Images of the food parcels, which were distributed by Compass Group subsidiary Chartwells, caused outrage when they were circulated on social media sites.
One parcel, which was purportedly intended to provide lunches for 10 days, contained one loaf of bread, a tin of beans, two bananas, three apples, two carrots, two potatoes, a bag of pasta, sliced cheese, two malt loaf bars, and three yogurt tubes, according to a photograph posted online.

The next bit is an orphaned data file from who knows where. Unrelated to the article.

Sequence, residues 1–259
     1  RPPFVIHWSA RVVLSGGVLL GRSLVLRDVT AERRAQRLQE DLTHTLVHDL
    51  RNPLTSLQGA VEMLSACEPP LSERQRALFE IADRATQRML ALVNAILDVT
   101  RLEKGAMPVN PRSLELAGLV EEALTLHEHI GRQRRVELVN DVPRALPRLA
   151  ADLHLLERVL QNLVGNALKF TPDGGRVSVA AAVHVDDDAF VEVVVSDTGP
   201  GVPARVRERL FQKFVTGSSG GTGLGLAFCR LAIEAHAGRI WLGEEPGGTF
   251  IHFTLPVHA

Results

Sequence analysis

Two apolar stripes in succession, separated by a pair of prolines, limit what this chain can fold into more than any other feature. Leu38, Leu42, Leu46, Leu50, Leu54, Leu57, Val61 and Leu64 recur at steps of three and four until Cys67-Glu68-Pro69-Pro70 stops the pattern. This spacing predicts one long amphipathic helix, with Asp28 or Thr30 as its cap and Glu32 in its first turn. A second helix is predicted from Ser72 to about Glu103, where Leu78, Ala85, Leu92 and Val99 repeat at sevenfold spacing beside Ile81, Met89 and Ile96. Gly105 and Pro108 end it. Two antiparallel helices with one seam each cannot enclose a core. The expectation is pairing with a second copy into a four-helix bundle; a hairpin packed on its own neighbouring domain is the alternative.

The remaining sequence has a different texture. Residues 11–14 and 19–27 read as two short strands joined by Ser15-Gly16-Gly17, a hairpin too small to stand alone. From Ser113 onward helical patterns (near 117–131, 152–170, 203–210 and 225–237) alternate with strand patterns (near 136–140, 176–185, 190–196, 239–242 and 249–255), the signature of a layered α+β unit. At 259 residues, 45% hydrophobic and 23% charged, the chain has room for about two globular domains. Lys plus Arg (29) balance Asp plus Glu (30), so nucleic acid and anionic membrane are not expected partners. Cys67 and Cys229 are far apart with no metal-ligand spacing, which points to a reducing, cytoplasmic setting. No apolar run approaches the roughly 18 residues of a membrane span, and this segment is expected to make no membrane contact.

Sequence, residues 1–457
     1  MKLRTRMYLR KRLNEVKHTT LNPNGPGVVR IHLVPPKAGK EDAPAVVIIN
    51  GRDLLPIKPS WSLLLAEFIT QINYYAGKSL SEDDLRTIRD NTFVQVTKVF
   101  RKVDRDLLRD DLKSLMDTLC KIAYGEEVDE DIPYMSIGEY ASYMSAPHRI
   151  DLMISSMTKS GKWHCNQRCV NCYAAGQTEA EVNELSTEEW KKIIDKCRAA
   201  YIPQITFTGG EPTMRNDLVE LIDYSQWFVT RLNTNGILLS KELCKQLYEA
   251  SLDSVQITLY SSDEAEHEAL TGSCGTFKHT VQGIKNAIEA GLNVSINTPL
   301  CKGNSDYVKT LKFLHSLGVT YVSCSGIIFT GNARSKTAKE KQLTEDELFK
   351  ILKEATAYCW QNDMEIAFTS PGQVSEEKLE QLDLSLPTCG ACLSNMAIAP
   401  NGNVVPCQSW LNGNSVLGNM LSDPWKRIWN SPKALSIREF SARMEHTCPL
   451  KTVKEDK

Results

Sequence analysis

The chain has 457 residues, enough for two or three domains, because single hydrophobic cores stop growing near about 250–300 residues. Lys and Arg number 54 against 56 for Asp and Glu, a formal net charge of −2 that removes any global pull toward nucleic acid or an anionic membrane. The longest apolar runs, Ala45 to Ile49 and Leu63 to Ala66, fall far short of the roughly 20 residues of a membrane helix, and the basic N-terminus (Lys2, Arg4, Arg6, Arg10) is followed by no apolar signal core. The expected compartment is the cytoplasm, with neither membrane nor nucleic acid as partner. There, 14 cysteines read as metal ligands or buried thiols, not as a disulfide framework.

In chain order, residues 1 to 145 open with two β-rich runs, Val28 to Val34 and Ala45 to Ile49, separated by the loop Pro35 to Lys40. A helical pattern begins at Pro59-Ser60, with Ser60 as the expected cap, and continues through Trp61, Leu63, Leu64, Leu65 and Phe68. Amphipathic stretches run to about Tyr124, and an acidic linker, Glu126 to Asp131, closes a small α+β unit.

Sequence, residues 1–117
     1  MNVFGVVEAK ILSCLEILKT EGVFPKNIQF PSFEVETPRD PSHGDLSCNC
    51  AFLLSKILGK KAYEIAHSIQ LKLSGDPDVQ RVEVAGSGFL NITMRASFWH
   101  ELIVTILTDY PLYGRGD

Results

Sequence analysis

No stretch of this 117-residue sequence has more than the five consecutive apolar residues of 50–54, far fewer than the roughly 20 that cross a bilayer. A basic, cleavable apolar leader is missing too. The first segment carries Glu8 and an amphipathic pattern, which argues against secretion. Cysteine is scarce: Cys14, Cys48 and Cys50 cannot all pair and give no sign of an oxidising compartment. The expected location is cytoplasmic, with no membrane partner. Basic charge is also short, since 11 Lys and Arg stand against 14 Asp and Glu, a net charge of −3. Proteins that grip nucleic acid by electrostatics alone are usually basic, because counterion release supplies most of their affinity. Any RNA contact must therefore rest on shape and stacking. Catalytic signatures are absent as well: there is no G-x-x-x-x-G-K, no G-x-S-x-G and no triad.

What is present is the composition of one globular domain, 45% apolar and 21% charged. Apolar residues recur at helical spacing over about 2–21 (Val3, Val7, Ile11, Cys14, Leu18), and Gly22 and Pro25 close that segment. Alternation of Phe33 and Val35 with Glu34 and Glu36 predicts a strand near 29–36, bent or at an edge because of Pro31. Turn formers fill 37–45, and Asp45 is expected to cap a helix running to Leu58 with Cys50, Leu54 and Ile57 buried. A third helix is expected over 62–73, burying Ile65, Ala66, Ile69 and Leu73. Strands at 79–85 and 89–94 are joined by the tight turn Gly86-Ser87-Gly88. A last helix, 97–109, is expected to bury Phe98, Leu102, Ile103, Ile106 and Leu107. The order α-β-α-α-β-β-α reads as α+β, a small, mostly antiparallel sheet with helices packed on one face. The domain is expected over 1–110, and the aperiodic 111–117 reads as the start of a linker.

"I don't think anybody in this House is happy with the disgraceful images that we've seen of the food parcels that have been offered," Johnson said during a session in the House of Commons.
Manchester United and England soccer player Marcus Rashford, a prominent campaigner for free school meals, said that the parcels delivered to children were "not good enough."
In a statement posted on Wednesday, Chartwells issued an apology for the quality and the quantity of the food sent to children during the ongoing COVID-19 lockdown.
As many as 1.4 million children in England are eligible for free school meals, according to data published by the government.